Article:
Michael Jordan: Most people are shocked to hear that the man who has often been hailed as the best basketball player of all time was actually asked to quit his high school basketball team. Fortunately, this setback or any other setback didn't stop Jordan from following his dreams. He is known for talking about failures. He once said, “I've missed more than 9,000 shots in my career. I lost almost 300 games. I've been hired to win the game on 26 occasions and I've missed it. I have failed over and over again in my life. And that's why I'm successful. "

Stephen King: King's first book, Carrie, received roughly 30 rejections, which eventually led to the author giving up and throwing it in the trash. But his wife fished it out and encouraged him to resubmit and the rest, as they say, is history. King now has the distinction of being one of the best-selling writers of all time.

Bill Gates: Not many people know that Gates actually quit Harvard. He then founded a company called Traf-O-Data with Microsoft co-founder Paul Allen. It failed miserably, but Gates didn't despair and gave up. Instead, he learned from failure and later created the global empire Microsoft.

Henry Ford: While everyone knows Ford cars today, not many know that Henry Ford was not an instant hit. In fact, his early deals failed, leaving him broke five times. Countless people advised him not to be involved in the manufacture of automobiles because he had neither the capital nor the know-how. Imagine if he listened to her or to his own self-doubt?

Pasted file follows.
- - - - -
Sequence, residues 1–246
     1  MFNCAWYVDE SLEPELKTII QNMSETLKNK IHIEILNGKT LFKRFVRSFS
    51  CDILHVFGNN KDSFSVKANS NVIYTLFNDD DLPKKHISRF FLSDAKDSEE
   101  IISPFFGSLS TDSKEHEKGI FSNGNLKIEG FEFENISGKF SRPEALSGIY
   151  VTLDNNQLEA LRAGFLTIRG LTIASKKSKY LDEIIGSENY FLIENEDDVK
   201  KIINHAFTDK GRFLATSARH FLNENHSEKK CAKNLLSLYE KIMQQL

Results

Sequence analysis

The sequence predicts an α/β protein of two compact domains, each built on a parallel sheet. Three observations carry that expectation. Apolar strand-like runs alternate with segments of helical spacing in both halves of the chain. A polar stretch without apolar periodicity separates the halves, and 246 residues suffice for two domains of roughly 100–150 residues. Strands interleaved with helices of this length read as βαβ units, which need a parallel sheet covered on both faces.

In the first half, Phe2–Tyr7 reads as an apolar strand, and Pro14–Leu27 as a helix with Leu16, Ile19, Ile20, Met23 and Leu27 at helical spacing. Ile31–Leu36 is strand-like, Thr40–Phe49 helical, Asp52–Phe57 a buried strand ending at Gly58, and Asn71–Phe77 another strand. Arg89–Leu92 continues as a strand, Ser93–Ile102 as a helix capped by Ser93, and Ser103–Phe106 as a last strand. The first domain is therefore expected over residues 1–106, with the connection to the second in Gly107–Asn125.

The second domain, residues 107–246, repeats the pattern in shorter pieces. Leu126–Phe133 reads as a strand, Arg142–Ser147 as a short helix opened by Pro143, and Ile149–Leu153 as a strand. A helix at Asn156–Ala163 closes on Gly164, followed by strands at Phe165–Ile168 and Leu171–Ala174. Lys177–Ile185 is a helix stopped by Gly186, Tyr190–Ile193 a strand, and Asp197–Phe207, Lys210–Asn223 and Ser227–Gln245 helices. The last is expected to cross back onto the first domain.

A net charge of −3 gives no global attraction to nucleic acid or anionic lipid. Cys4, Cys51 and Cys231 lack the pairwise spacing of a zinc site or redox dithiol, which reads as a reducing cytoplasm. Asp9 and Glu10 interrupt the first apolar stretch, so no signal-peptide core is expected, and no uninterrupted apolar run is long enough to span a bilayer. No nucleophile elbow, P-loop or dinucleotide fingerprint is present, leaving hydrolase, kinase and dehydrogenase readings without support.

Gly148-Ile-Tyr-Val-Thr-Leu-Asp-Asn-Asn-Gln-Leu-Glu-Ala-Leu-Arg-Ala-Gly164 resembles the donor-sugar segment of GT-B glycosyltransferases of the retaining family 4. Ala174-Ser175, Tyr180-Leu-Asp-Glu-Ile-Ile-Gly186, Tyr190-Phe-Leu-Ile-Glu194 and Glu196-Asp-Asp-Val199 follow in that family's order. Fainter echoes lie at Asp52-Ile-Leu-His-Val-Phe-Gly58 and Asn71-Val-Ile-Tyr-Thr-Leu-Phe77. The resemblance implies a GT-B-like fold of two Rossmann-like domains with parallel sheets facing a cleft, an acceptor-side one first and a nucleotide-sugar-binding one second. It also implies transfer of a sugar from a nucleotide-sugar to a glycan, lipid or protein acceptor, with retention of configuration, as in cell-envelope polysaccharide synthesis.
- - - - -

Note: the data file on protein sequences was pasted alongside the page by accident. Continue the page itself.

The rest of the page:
Vincent van Gogh: Van Gogh only sold one painting in his lifetime, and that was to a friend and only for a very small amount of money. While Van Gogh was unfortunately never a success in his life, he occupied himself with painting and sometimes went hungry to complete his over 800 known works. Today they bring in hundreds of millions each.

5 steps after an error

1. Be honest about what happened: where did you go wrong? What would you do differently next time? What was the loss and what was the gain (because there is often a hidden, personal "gain" from failure). Is it just a matter of trying again?

2. Determine the role you played: Instead of blaming the diet or the personal trainer or your partner, look honestly at your role in it. It is often not external circumstances that lead to failure, but ourselves. Don't be afraid to face your mistakes – they do not represent or define you. They are only part of your behavior.

3. Write it down: Identify the lesson and keep it simple. What did you learn? Keep this in mind the next time you encounter a similar challenge.

4th No more perfectionism: acknowledge that you are a flawed person just like everyone else. Forgive yourself. Embrace the mistake to move on.

5. Think about the story: if this is a story, think about what happens next. Imagine learning from your failure and moving forward. How does it look?

Recommended book

Wire Your Brain For Confidence, by Louisa Jewell. In this book, Jewell suggests that we focus on “learning goals” rather than performance goals. It reminds us that mastering anything in life takes small steps and multiple mistakes along the way. This book could help you achieve your goals and reduce the chance of trying even less.

A brilliant Ted Talk

I'm a real fan of Elizabeth Gilbert, author of Eat, Pray Love. I love their Ted Talk about success, failure and the urge to keep creating. It's all about creativity and writing, but you don't have to be interested in writing to get anything from it. It will appeal to anyone who wants to achieve anything in their life at all. It's about not giving up, it's about continuing to follow your dreams.

A memorable quote

I want to leave you one of my famous quotes about Denis Waitley's failure. “Failure should be our teacher, not our undertaker. Failure is delay, not defeat. It's a temporary detour, not a dead end. We can only avoid failure by saying nothing, doing nothing and being nothing. “In other words, when you're trying something new, failure is almost inevitable. Don't let it rattle your cage. Accept; and then move on.